Oman Shipping Company (OSC) has taken delivery of its third Very Large Ore Carrier (VLOC) 'Vale Saham' in China. The giant bulk carrier will be used to transport iron ore from Brazil to Sohar, Oman. OSC has one more vessel of its class under construction at Jiangsu Rongsheng Heavy Industries Company in Nantong in China. Vale Saham, the new Rongsheng-built VLOC delivered to OSC adopts an environmentally friendly design to lower oil consumption and reduce the emission of CO2, while its operating efficiency exceeds that of most existing ore carriers.

Hyundai Heavy Signed $400 Million Order to Build 5 VLOCs

Photo: Hyundai Heavy Industries

South Korea’s Hyundai Heavy Industries (HHI) has clinched a deal worth approximately US$400 million to build five very large ore carriers(VLOCs) from Seoul-based shipper Polaris Shipping. "HHI has signed a $400 Million worth contract to build five 325,000 dwt VLOCs (Very Large Ore Carrier) with Polaris Shipping. It is the option exercised following the contract of ten same class VLOCs with Polaris Shipping on September 25," said a company statement. HHI Group’s shipbuilding affiliates have so far this year won new orders of 110 ships worth $ 6.7 billion, 90% of the $ 7.5 billion annual target.

CMES Establishes Subsidiary for Valemax

Valemax. Photo by Vale.

China Merchants Energy Shipping Co., Ltd (CMES), the dry and wet bulk arm of state conglomerate China Merchants Holdings (International) Company Limited, has set up a wholly owned subsidiary China VLOC Company Limited to operate 400,000 dwt ore carriers in Hong Kong. The new Hong Kong-based subsidiary will own the four Very Large Ore Carriers (VLOC) or "Valemax" vessels, purchased at a total price of $448m by CMES. The 400,000-deadweight-tonne ships are some of the largest ships ever built and were sold under accords between Vale and China Merchants.

Vale Concludes Sale of VLOCs to Cosco

Vale Brasil. Photo by Vale

Brazilian miner Vale has completed the sale of four other large iron ore carriers to China Ocean Shipping Company (Cosco), which was agreed last September. This transaction is related to the agreement signed with Cosco on September 12, 2014. The transaction amounted to 445 million dollars and the amount will be received by Vale upon delivery of the vessels to Cosco, which is scheduled to take place in June 2015. Under the agreement, four VLOCs ships are transferred to the Cosco and chartered to Vale for 25 years contract.

China Shipbuilder Delivers Two VLOC's

VLOC Delivery Ceremony: Photo credit Rongsheng

China Rongsheng Heavy Industries delivers two 380,000 dwt Very Large Ore Carriers (VLOC) to Vale S.A. & Oman Shipping Co. Christened as “VALE HEBEI” and “VALE SOHAR”, the latter new-building passed all inspections and surveys after just one week of sea trials. Despite the ongoing challenges on the shipbuilding industry brought about by the global financial crisis and the European debt crisis, China Rongsheng Heavy Industries’ delivery plan has not been readily impacted, and so far this year Rongsheng has delivered five VLOC's, with another four already launched and being outfitted.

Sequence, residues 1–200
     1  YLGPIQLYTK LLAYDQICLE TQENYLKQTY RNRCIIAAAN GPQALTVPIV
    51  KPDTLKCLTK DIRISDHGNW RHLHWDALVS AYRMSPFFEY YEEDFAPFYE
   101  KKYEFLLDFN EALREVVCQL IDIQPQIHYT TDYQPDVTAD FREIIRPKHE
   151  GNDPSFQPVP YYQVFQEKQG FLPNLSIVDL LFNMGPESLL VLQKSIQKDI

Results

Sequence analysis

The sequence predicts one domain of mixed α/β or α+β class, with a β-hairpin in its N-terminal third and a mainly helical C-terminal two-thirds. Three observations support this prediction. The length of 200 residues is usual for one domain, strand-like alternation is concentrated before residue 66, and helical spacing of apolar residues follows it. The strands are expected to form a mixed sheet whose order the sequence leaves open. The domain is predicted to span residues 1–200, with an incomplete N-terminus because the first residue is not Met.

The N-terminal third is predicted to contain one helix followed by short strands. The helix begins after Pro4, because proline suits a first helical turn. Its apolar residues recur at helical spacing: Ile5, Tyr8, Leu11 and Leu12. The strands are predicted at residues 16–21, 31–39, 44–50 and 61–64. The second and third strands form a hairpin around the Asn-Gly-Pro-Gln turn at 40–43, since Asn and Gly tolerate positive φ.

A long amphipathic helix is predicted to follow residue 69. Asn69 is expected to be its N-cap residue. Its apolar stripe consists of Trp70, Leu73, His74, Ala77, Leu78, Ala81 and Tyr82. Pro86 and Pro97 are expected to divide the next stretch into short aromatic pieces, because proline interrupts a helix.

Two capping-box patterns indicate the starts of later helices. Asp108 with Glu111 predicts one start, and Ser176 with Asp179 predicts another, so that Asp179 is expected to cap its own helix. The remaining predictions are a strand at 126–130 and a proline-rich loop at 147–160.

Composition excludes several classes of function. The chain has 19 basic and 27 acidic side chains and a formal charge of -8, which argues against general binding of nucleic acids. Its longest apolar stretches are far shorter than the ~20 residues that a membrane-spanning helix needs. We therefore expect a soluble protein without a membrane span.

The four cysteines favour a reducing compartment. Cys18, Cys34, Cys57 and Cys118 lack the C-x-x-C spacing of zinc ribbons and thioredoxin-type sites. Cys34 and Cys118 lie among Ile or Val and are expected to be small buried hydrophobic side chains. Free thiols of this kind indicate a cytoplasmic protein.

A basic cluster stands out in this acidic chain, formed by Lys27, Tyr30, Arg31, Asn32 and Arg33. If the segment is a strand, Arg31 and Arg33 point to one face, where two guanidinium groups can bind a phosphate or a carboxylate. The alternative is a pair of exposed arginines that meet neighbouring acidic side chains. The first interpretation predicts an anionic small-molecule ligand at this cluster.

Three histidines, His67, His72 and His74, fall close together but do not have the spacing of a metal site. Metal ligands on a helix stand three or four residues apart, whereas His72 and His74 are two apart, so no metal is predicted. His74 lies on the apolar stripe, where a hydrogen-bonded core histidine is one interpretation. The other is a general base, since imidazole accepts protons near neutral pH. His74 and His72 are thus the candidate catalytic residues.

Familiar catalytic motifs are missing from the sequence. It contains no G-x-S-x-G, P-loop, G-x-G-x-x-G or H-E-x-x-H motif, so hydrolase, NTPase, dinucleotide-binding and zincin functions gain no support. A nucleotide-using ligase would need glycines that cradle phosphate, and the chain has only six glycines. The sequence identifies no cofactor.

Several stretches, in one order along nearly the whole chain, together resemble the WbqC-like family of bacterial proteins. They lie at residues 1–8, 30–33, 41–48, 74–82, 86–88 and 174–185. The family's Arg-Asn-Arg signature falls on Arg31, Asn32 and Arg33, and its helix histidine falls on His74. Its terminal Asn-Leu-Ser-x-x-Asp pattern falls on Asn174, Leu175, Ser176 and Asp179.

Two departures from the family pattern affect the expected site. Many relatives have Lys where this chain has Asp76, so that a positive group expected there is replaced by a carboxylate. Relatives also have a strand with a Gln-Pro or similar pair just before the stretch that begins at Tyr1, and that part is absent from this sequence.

Polaris Orders 3 Iron Ore Carriers at Hyundai

Pic: Polaris Shipping Co

South Korean shipping firm Polaris Shipping Co has placed an order with Hyundai Heavy Industries (HHI) to build three very large iron ore carriers, Yonhap reported. Polaris said the 325,000-ton iron ore carriers will replace some of its aged ships. The financial details of the shipbuilding contract and delivery schedule for the newbuildings were not disclosed. With the latest order from Polaris HHI's orderbook that was valued at $3.8bn in the first five months of 2017 will enlarge further.

MOL Announces Shipbuilding Program

Mitsui O.S.K. Lines, Ltd. announced a major expansion of the company's iron ore carrier fleet, with a proposal to launch 44 new vessels. The move is part of MOL's growth strategies in the new midterm management plan MOL ADVANCE, which began on April 1. MOL ADVANCE focuses on the allocation of management resources in growing fields of the ocean shipping industry. MOL expects production of crude steel will continue to grow, particularly in China, where major players in the industry are restructuring and integrating their operations. As a result, demand for the transport of raw materials for steel will also increase. As a leader in worldwide ore carrier operators, MOL is expanding its large-scale fleet with various types of vessels to meet diverse customer needs.

Iron-Ore Ship Rates Rise as China Spends

Iron-Ore carrier daily rates rebound as China spends US$158-billion. Iron-ore ships are poised to earn more than operating costs for the first time this year as rates rally on speculation Chinese steel mills will accelerate imports because of a 1 trillion-yuan ($158 billion) building program, reports Bloomberg Business News. Capesizes, each carrying 160,000 metric tons of ore, will earn $12,500 a day in the fourth quarter, according to the median of eight analyst estimates compiled by Bloomberg, compared with $4,459 on average since the end of June as assessed by the Baltic Exchange. Source: Bloomberg  

Vale to Sell 4 Large Iron Ore Carriers to CMES

Brazilian miner Vale said on Tuesday it agreed to sell four large iron ore carriers to China Merchants Energy Shipping Co (CMES) , as it looks to raise cash in the midst of an iron ore price slump.   The world's largest producer of iron ore said in a statement the details of the contract had not yet been finalised and will be released in the coming months.     (Reporting by Stephen Eisenhammer)

Vale Completes Sale of 4 Ore Carriers to Chinese Consortium

File image (Vale): a Valemax Bulk carrier at the berth loading cargo.

Brazilian iron ore miner Vale SA said late on Tuesday in a filing it had completed the sale of four very large ore carriers (VLOC), also known as Valemax class ships, to a consortium lead by ICBC Financial Leasing. ICBC is a subsidiary of the Industrial and Commercial Bank of China Limited. The deal was valued at $423 million and the resources were transferred to Vale on Tuesday. Each VLOC has the capacity to carry 400,000 tonnes of ore. Reporting by Reese Ewing

Vale Sells Four 'ValeMax' Bulkers to China Merchants

A ValeMax very large ore carrier (file image: Vale)

Brazilian mining company Vale SA said on Thursday that it expects to receive $448 million from the sale of four dry-bulk iron ore ships to China's state-owned China Merchants Energy Shipping Co in September. The 400,000-deadweight-tonne ships, known as Very Large Ore Carriers (VLOC) or "Valemax" vessels, are some of the largest ships ever built and were sold under accords between Vale and China Merchants signed in September 2014 and in May 2015, Vale said in a statement. Reporting by Guillermo Parra-Bernal and Jeb Blount

China Shipping Devt Unit Enters $360.64M Shipbuilding Deal

China Shipping Development Co. Ltd. (1138.HK) said its wholly-owned unit, China Shipping Development (Hong Kong) Marine Co. Ltd., has entered into an agreement with a mainland China shipbuilding firm to construct four very large iron ore carriers (VLOCs) for a total of $360.64m. It said it has contracted CSSC Guangzhou Longxue Shipbuilding Co Ltd to build the VLOCs, each of which will be used to transport iron ore. [Source: http://www.tradingmarkets.com]

Maritime Reporter Magazine Cover Dec 2017 - The Great Ships of 2017